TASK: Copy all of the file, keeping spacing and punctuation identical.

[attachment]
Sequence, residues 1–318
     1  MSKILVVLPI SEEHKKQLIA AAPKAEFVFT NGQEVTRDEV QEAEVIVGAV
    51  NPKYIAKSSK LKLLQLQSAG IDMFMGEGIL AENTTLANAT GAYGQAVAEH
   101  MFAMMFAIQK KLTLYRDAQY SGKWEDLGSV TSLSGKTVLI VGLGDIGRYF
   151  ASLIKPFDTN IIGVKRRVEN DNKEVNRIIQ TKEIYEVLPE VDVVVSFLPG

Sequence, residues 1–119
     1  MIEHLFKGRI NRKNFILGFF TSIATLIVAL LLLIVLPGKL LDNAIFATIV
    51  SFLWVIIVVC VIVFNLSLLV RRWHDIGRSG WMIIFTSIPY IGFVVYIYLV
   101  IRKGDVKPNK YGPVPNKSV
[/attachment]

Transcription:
Sequence, residues 1–318
     1  MSKILVVLPI SEEHKKQLIA AAPKAEFVFT NGQEVTRDEV QEAEVIVGAV
    51  NPKYIAKSSK LKLLQLQSAG IDMFMGEGIL AENTTLANAT GAYGQAVAEH
   101  MFAMMFAIQK KLTLYRDAQY SGKWEDLGSV TSLSGKTVLI VGLGDIGRYF
   151  ASLIKPFDTN IIGVKRRVEN DNKEVNRIIQ TKEIYEVLPE VDVVVSFLPG

Sequence, residues 1–119
     1  MIEHLFKGRI NRKNFILGFF TSIATLIVAL LLLIVLPGKL LDNAIFATIV
    51  SFLWVIIVVC VIVFNLSLLV RRWHDIGRSG WMIIFTSIPY IGFVVYIYLV
   101  IRKGDVKPNK YGPVPNKSV